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Roald Dahl

Tuesday, 17 September 2002

From the publication of James and the Giant Peach and Charlie And The Chocolate Factory in the 1960's to his death in 1990, Roald Dahl became the most successful children's author in the world. A decade later, a fresh generation of children seek out his work with instinctive fanatacism. His creations endure - through Hollywood movies, theatre adaptations and musical works, but still most potently of all through the pure magic of his writing upon the page.

The Basics

Born: Llandaff, Glamorgan, September 13th, 1916
Died: November 23rd, 1990
Jobs: Shell representative in Tanganyika, Fighter Pilot, Air Attache, Wing Commander, Author
First Book for Young People: The Gremlins, 1943


Roald Dahl was born in Wales of Norwegian parents - the child of a second marriage. His father and elder sister died when Roald was just three. His mother was left to raise two stepchildren and her own four childrens. Roald was her only son.

He had an unhappy time at school - at Llandaff Cathedral School, at St Peter's prep school in Weston-Super-Mare and then at Repton in Derbyshire. He excelled at sports, particularly heavyweight boxing, but was deemed by his English master to be "quite incapable of marshalling his thoughts on paper". There was one advantage to going to Repton, however - the school was close to Cadbury's and the company regularly involved the schoolboys in testing new varieties of chocolate bars.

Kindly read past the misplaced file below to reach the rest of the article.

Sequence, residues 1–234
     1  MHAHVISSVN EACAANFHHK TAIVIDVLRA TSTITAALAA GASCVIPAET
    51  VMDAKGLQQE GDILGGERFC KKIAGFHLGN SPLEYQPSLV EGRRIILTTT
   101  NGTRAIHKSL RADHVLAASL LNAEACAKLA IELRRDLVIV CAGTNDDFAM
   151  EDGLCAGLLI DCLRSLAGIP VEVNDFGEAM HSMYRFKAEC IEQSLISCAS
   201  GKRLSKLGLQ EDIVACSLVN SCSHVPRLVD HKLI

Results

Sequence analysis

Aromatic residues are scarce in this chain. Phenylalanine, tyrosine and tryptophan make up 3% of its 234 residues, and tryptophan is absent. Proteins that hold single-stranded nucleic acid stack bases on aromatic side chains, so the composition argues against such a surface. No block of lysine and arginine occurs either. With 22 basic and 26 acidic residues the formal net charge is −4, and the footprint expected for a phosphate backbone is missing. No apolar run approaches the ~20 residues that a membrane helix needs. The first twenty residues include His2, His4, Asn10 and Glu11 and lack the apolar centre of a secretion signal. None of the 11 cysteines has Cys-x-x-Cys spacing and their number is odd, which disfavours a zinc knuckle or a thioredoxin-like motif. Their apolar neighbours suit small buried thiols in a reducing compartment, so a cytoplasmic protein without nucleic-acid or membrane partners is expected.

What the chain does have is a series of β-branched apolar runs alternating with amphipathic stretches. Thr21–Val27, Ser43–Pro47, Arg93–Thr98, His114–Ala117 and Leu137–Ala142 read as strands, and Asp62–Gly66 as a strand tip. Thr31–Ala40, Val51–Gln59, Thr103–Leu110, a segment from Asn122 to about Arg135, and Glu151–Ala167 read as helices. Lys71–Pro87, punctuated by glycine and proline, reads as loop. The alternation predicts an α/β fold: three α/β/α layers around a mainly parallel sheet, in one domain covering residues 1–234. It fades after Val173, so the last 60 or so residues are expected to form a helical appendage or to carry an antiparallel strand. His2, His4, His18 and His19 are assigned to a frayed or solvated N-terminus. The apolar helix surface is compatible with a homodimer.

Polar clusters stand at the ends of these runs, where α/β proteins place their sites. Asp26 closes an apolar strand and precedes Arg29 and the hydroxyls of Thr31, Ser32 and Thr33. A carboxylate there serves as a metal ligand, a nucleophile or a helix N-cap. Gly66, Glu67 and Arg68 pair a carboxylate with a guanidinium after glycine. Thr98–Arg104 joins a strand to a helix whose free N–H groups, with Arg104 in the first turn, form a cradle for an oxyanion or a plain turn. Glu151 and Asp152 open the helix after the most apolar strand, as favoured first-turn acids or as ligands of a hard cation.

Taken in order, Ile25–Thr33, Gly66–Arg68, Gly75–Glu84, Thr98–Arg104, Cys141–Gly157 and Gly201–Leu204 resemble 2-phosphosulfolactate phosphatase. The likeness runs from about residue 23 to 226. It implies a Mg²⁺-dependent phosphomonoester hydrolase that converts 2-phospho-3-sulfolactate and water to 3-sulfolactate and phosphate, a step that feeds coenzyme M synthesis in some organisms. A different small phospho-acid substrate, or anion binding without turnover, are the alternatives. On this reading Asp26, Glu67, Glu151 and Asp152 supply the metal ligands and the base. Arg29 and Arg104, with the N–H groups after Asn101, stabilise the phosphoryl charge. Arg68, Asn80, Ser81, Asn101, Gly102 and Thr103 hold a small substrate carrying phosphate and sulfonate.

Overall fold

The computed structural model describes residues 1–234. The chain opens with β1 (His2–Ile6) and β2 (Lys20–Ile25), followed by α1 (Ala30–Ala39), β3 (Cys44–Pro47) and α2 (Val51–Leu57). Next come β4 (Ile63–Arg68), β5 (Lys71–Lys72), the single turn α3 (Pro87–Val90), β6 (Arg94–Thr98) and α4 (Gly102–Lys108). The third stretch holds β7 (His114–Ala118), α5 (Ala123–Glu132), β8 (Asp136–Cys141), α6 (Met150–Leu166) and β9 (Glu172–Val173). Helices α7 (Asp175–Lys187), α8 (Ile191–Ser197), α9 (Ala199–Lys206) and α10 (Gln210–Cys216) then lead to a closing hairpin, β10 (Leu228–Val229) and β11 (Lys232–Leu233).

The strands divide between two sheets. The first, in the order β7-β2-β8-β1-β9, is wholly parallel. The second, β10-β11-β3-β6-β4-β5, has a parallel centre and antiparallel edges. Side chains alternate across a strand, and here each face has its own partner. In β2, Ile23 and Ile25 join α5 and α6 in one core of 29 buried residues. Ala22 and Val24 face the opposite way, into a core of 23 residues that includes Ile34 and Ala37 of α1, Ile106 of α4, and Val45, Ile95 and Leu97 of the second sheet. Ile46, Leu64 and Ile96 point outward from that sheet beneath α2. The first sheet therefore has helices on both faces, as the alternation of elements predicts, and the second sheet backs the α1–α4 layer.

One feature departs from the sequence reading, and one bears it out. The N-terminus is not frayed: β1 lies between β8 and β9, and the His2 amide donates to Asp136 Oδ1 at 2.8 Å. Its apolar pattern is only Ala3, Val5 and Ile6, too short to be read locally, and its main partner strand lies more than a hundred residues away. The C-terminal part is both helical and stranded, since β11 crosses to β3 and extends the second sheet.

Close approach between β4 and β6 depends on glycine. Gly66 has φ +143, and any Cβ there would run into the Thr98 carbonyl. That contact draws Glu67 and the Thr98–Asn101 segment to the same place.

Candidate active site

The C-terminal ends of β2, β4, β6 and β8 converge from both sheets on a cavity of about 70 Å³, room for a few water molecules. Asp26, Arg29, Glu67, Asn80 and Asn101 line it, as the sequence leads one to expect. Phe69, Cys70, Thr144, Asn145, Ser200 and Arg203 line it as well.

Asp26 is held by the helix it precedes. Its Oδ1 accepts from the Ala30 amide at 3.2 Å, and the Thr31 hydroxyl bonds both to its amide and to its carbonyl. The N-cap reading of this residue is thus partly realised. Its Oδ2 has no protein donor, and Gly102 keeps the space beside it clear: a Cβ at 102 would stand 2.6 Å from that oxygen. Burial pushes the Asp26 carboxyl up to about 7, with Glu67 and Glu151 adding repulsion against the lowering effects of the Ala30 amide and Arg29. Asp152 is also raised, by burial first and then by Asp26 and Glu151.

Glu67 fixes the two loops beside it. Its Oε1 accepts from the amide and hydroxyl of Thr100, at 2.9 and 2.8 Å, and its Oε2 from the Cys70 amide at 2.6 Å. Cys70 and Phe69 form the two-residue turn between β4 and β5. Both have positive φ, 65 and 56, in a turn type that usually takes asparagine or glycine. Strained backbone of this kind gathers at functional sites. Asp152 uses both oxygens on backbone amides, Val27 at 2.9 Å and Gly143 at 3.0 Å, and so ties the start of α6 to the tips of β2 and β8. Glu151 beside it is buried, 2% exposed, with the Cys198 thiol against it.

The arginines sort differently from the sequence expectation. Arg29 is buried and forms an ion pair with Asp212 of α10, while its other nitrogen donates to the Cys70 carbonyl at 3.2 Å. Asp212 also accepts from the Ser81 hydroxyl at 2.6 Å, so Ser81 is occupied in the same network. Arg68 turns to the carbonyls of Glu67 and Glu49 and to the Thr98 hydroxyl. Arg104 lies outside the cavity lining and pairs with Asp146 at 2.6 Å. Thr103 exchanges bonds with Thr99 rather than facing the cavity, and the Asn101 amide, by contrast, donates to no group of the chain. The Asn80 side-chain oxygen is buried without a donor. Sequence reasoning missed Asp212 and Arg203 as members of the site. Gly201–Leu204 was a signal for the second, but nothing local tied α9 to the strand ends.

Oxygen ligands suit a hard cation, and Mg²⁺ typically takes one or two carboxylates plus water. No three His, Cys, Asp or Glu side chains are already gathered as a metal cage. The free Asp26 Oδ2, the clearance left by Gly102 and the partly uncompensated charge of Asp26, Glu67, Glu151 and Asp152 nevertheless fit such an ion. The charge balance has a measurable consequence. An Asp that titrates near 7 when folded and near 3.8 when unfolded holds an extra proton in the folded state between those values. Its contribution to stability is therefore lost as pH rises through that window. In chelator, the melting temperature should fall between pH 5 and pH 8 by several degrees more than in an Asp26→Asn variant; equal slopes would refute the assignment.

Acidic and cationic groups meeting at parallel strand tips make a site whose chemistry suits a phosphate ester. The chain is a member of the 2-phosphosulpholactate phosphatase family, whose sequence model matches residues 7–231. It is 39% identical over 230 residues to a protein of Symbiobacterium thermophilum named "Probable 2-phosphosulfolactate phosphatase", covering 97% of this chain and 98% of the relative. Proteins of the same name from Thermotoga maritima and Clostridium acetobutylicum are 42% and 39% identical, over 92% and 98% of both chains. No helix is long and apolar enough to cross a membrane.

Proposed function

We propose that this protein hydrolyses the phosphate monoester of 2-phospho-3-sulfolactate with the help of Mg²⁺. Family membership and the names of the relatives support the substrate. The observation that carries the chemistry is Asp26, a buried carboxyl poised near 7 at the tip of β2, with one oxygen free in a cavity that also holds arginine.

Dahl's unhappy time at school was to influence his writing greatly. He once said that what distinguished him from most other children's writers was "this business of remembering what it was like to be young". Roald's childhood and schooldays are the subject of his autobiography Boy.

At 18, rather than going to university, Roald joined the Public Schools Exploring Society's expedition to Newfoundland. He then started work for Shell as a salesman in Dar es Salaam. He was 23 when war broke out and signed up with the Royal Air Force in Nairobi. At first, the station doctor balked at his height (6ft 6in) but he was accepted as a pilot officer and spent the early part of the war flying birdplane Gladiator fighters against the Italians in the Western Desert of Libya. Dahl's exploits in the war are detailed in his autobiography Going Solo. They include having a luger pointed at his head by the leader of a German convoy, crash-landing in no-man's land (and sustaining injuries that entailed having his nose pulled out and reshaped!) and even surviving a direct hit during the Battle of Athens.

Eventually, he was sent home as an invalid but transferred, in 1942, to Washington as an air attaché. Here Dahl's writing career began in earnest following a meeting with C S Forrester, author of Captain Hornblower. Forrester asked Dahl to tell him his version of the war, intending to write an account for a future publication. Dahl chose to set down his experiences on paper. Forrester was so impressed with Dahl's writing that he immediately found a magazine editor to take it for publication. Roald remained in the States, achieving recognition through short-stories for newspapers and magazines.